Let That Shit Go: 5 Questions to Ask Yourself Before You Do

This past February, I decided to walk away from a lucrative advertising career. I contemplated it for an entire year beforehand. My initial plan was to save some money, take off for a few months, and work on my art projects. While I was excited about expressing the artistic side of me that had been dormant for five plus years, I wasn’t sure if I wanted to leave the safety net of a steady paycheck and benefits. I also had some pretty nifty industry swag that flowed like milk and honey. I loved it. I grew weary of working 12-hour days and could no longer feign excitement about products that I did not consume or believe in. After reaching my breaking point, I decided it was time to leave, but not before I asked myself some serious questions.

I started this list over five years ago, after I moved to Los Angeles. Invention was born out of necessity when I needed help deciding whether it was time for me to move into a new apartment. I liked where I lived, but my new job was a bit further away. As I was still relatively new to the city, I didn’t have a lot of close friends to ask for advice. I weighed the pros and cons, then made a pretty solid decision that I was pleased with. Not only did I move to a cheaper, more aesthetically pleasing apartment, it was only a few miles from my new job and I only took one street to get there. That’s unheard of in L.A.

Many growing pains, life changes, self-reflection, conversations with friends and clients, helped me to fine-tune this list over the last five years. It’s been a fantastic tool to help me assess any situation. How you customize your list is completely up to you and your specific needs, but I hope the questions below will be a good start and help you put anything that may no longer be serving you in a better perspective.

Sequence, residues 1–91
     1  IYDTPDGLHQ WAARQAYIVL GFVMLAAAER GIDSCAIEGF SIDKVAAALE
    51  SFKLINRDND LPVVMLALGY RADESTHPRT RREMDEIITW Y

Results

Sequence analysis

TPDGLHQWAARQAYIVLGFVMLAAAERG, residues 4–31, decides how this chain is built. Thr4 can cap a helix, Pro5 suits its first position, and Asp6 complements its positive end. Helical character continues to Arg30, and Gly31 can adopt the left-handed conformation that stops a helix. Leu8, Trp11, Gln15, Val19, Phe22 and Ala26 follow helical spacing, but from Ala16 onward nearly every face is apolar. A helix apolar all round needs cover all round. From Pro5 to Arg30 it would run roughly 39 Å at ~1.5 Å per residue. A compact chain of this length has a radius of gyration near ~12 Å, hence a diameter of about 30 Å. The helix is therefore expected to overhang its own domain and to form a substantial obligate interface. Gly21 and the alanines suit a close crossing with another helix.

1. How does this affect my outlook?

When I got up to go to work, the first thing I would say to myself was “Damn. Damn. DAMN!” That’s how I would start my day. Can you imagine? Some people start their days with a balanced breakfast. I started my days with damns. That’s how I, through no realization of my own, would create my day. Words have power and words become your reality. The situation I was in was so toxic, it caused me to curse the rest of the day. If you find yourself doing this in any given situation, it’s time to exit to the left.

2. How does this make me feel?

When you contemplate facing that job, selfish friend, no-good man, or whatever, do you feel shitty, drained or exhausted? If you do, then it’s time to give it up, booski. It sounds so elementary but think about the number of times you went somewhere you didn’t want to be knowing full well you’d be feeling bad afterwards. Those bad feelings aren’t your imagination. Trust them. They won’t go away.

3. Is this situation bringing the best out of me?

At my old job, I would call in at least twice a month. I was never sick. Sick and tired maybe, but not ill. The stress and pressure was so severe that I didn’t have time to be proactive and innovative. I just did enough not to get fired. I didn’t feel compelled to give my all and put my whole heart into what I was doing. If any situation makes you dumb yourself down just to get through it, leave it alone. It’s time to do something else. It’s not worth it to be less than you are.